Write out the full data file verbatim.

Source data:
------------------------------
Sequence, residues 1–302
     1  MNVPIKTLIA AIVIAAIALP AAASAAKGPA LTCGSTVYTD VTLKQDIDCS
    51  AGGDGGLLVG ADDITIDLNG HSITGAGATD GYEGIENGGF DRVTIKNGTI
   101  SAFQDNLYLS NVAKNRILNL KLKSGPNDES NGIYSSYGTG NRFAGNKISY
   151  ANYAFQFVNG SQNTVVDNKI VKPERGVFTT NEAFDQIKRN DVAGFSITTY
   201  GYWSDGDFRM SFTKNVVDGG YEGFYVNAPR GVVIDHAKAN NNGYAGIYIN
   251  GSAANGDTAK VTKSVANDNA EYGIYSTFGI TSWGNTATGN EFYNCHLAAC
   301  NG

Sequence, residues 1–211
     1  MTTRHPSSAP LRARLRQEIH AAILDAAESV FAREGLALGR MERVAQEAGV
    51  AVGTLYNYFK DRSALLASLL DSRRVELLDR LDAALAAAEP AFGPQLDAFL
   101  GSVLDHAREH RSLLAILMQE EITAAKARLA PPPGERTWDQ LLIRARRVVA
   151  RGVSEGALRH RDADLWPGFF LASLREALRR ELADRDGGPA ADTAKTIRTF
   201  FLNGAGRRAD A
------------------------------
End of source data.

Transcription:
Sequence, residues 1–302
     1  MNVPIKTLIA AIVIAAIALP AAASAAKGPA LTCGSTVYTD VTLKQDIDCS
    51  AGGDGGLLVG ADDITIDLNG HSITGAGATD GYEGIENGGF DRVTIKNGTI
   101  SAFQDNLYLS NVAKNRILNL KLKSGPNDES NGIYSSYGTG NRFAGNKISY
   151  ANYAFQFVNG SQNTVVDNKI VKPERGVFTT NEAFDQIKRN DVAGFSITTY
   201  GYWSDGDFRM SFTKNVVDGG YEGFYVNAPR GVVIDHAKAN NNGYAGIYIN
   251  GSAANGDTAK VTKSVANDNA EYGIYSTFGI TSWGNTATGN EFYNCHLAAC
   301  NG

Sequence, residues 1–211
     1  MTTRHPSSAP LRARLRQEIH AAILDAAESV FAREGLALGR MERVAQEAGV
    51  AVGTLYNYFK DRSALLASLL DSRRVELLDR LDAALAAAEP AFGPQLDAFL
   101  GSVLDHAREH RSLLAILMQE EITAAKARLA PPPGERTWDQ LLIRARRVVA
   151  RGVSEGALRH RDADLWPGFF LASLREALRR ELADRDGGPA ADTAKTIRTF
   201  FLNGAGRRAD A